Weeds in your garden bed is another common reason for deformed roots. Since weeds have their own underground root system that competes for nutrients against your crop, it’s not surprising to find forked parsnips in a weedy garden.
Keep your garden weed-free throughout the growing season, so the unwanted roots don’t disturb the development of your parsnips.
Root-knot nematodes can also result in knotty, forked parsnip roots. They are microscopic worms that feed on the plants, leaving galls on the roots. These galls or knots prevent the plant from accessing water and nutrients to its fullest capacity, stunting the growth.
Select root-knot nematode-resistant parsnip seeds to prevent the problem right from the start. With certified nematode-free parsnip seeds, you can be sure you won’t find this disease in your crop. Also, since root-knot nematodes are less active during the winters, overwintering parsnips is also a good idea to prevent the damage done by these pests.
Can You Grow Parsnips In Clay Soil?
Yes you can grow parsnips in clay soil. You can use the clay to your advantage. Here are the steps to follow:
- Use a metal pole or broomstick
- Push the pole into the soil to a depth of 1 foot.
- Wiggle the pole round and round
- You want to make a cone shaped V in the ground up to 6″ wide
- Fill the hole with compost
- Put two parsnip seeds on top
- After the seeds have germinated remove the weakest
That’s it easy
Tips to Grow Parsnip Roots in Your Garden
Here are some useful and easy tools to grow parsnip roots in your garden.
- Use Fresh Parsnip Root Seeds
Parsnip seed is only viable for two years at best, and generally just one year. This is one seed that you should not save any leftovers of, therefore buy a new seed every year.
- Prepare The Soil
The parsnip grows the best on sweet soil, which has a pH of 6.0 or above. If your soil is acidic, lime it before planting parsnips in the winter.
Parsnips prefer a soil that is free of stones, light, and rich, but not the one that has just been manured. Make a hole in the earth about 2 ins wide and a foot deep with an iron bar or large dibber to provide perfect growth conditions for the parsnips. Fill this with high-quality compost. To keep the compost light, you can add sand to the mix.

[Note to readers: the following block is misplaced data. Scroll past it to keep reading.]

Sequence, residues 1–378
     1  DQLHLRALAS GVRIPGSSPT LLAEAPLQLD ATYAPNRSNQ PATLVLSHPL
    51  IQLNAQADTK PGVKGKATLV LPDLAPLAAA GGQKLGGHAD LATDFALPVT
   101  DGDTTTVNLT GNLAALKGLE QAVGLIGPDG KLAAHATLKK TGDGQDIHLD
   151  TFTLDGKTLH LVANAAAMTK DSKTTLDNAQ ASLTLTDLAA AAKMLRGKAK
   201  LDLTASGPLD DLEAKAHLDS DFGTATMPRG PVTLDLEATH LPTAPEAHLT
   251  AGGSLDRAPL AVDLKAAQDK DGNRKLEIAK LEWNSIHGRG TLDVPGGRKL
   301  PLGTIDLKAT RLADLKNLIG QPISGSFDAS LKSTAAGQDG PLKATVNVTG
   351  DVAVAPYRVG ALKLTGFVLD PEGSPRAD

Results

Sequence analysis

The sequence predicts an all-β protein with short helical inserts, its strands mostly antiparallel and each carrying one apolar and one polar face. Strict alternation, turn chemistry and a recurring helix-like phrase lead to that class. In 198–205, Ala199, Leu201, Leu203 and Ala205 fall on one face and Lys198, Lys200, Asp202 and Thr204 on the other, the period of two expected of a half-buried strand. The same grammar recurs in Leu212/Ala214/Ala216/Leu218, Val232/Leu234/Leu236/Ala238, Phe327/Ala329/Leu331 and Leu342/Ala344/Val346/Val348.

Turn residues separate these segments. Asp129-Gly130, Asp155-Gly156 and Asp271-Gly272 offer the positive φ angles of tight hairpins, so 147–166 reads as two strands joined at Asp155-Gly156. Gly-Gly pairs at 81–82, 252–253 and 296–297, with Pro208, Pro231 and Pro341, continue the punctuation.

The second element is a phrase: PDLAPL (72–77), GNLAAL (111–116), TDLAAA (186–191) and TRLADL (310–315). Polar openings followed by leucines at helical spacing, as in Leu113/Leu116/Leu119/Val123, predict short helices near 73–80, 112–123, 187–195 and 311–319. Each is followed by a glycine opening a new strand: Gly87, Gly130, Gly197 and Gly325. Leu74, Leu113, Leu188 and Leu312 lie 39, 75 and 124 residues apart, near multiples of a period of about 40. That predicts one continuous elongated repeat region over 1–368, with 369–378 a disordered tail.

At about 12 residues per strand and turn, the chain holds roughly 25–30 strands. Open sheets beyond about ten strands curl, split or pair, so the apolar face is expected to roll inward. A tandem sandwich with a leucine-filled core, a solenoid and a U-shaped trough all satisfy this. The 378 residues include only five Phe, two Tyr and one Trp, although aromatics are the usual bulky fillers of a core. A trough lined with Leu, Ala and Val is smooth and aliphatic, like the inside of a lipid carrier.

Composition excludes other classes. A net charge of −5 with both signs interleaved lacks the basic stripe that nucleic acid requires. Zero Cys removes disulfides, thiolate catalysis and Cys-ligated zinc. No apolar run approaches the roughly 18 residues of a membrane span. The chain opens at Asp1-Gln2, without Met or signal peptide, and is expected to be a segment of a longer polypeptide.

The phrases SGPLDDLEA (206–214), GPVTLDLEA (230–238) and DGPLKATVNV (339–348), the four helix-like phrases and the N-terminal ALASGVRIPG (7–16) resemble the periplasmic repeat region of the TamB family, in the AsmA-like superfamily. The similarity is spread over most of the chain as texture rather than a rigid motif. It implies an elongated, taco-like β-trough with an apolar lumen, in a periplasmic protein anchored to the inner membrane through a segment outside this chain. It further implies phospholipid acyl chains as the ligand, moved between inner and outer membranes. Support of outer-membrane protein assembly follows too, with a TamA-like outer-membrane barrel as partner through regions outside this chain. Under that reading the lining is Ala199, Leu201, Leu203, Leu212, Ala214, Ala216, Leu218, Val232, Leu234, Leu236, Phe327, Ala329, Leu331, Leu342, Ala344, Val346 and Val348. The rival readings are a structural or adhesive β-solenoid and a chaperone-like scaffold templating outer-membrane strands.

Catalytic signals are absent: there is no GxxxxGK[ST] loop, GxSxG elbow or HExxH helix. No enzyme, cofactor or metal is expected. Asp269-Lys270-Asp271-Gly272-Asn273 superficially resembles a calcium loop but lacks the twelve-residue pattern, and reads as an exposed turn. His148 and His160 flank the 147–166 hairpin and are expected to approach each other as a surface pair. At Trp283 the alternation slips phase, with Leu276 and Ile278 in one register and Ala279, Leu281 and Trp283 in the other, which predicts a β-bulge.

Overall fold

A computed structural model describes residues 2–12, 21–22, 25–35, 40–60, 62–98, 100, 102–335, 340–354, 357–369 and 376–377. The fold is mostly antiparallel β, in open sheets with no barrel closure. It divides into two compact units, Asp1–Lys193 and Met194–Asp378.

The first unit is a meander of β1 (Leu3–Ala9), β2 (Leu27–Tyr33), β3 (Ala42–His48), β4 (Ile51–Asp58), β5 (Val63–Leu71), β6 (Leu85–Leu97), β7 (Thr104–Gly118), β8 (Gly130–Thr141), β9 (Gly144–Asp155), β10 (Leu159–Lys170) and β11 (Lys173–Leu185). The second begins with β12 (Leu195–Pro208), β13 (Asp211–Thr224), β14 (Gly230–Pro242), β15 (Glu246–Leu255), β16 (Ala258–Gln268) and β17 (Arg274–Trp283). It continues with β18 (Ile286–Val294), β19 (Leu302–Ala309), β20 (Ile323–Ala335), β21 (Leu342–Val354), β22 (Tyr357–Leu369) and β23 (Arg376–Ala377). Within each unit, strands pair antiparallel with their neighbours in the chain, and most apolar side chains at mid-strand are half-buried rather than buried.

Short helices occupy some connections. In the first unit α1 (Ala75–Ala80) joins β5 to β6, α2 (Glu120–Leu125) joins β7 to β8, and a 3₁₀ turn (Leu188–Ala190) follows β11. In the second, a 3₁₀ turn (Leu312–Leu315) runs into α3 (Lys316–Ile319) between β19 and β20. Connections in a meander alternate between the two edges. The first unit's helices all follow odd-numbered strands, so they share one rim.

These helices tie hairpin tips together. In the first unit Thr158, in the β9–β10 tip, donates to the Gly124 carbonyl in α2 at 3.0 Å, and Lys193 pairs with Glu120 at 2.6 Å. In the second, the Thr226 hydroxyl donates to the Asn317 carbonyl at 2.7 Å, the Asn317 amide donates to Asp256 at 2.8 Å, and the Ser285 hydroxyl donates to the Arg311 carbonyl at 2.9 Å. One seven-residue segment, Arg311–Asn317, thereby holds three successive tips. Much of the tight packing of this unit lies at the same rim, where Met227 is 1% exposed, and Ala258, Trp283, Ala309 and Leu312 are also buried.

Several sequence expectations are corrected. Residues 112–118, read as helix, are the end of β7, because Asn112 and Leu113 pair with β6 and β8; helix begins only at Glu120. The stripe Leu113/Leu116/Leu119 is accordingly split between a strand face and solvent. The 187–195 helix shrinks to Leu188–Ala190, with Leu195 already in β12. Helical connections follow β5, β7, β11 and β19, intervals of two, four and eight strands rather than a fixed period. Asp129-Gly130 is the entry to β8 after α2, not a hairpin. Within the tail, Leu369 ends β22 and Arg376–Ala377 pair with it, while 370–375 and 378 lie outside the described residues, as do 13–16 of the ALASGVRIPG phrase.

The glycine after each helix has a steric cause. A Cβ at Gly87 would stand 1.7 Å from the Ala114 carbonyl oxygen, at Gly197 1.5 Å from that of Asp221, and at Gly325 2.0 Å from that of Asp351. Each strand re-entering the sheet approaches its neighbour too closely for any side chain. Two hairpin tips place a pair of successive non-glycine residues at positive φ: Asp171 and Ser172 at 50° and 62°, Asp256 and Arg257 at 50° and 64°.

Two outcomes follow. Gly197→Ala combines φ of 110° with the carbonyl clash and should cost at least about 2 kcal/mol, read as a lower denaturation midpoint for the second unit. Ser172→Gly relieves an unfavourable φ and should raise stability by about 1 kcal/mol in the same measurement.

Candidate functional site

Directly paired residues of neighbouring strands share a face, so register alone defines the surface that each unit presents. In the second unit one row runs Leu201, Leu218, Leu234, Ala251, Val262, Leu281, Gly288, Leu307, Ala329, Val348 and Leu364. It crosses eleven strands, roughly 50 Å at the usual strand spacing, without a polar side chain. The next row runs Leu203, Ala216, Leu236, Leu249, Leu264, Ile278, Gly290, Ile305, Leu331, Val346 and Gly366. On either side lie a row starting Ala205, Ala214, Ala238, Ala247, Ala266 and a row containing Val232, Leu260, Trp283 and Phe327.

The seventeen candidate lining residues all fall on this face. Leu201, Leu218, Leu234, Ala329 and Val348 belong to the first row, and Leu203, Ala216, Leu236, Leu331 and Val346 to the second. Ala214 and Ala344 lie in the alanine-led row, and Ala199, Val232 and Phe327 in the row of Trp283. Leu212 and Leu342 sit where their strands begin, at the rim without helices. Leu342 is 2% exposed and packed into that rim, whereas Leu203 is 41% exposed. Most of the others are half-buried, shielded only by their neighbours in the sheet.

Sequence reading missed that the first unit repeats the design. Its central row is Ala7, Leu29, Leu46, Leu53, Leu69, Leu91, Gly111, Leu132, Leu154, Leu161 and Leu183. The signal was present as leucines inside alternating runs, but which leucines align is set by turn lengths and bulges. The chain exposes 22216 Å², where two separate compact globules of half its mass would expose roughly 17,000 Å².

- Soak The Seeds
Soaking parsnip seed for a couple of hours in a solution prepared by mixing one liter of lukewarm water with a soluble aspirin and cinnamon to enhance germination rate and prevent damping off difficulties for a couple of hours. Aspirin is chemically related to a growth hormone present in many plants, while cinnamon is a natural antifungal.
- The Right Time to Sow Seeds
Sow your parsnip seeds about 2 weeks before the last frost date. Parsnips have a long growing season, requiring an average of 110 days from seed to harvest.
- Sow Parsnip Directly Outdoors
Parsnips do not transfer well, so sow seeds directly. Station sowing is the ideal option because seeds of parsnip roots are not too small to handle. 3 to 5 seeds are put in a cluster half to an inch thick in sifted soil or compost and covered with sifting soil or compost. Water in gently.
- Choose Compost-Rich Soil
Parsnip roots thrive in soil that is rich in compost. Before planting, be sure to cover the soil with 2 inches of compost. Don’t work it into the soil; just sprinkle it on top. Wait a few days to a week before drawing 1/2-inch-deep rows in the dirt. Cover your seeds and sow them 1 inch apart.
- Water Regularly
Water thoroughly until seedlings emerge from the soil and take root. This phase should not be skipped because parsnips take around 3 weeks to germinate. This is especially true during the summer when it is hot and dry. When the earth dries out, the seeds dry up as well, preventing germination.
- Space Properly
Thin seedlings to 3 to 4 inches apart once they emerge. This spacing will allow the parsnip roots to grow to their full potential.
- Correct Time to Harvest
After frost, parsnip roots are ready to harvest in the fall. Parsnips can be planted and left in the ground until they are required. Cover the soil with a bale of straw to keep it from freezing. To further preserve the soil, cover the bale to prevent it from freezing to the ground, making harvesting simpler.
Though forking isn’t a significant problem, you now have your answer to why do parsnips fork. Follow all the tips to prevent forking and similar deformities and enjoy those picture-perfect parsnips you’ve been dreaming of.